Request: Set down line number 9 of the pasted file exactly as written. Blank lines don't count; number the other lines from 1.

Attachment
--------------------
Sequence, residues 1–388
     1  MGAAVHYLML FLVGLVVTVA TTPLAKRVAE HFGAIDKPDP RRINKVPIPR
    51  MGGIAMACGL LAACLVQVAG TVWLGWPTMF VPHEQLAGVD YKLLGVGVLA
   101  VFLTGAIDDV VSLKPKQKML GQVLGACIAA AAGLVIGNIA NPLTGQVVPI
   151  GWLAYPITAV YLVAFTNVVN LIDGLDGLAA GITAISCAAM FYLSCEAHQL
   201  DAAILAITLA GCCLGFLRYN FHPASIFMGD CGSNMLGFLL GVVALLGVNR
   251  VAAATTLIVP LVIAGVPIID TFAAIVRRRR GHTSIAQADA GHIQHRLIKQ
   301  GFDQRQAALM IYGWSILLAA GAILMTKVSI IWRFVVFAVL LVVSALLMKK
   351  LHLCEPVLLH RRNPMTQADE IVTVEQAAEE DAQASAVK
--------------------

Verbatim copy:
   351  LHLCEPVLLH RRNPMTQADE IVTVEQAAEE DAQASAVK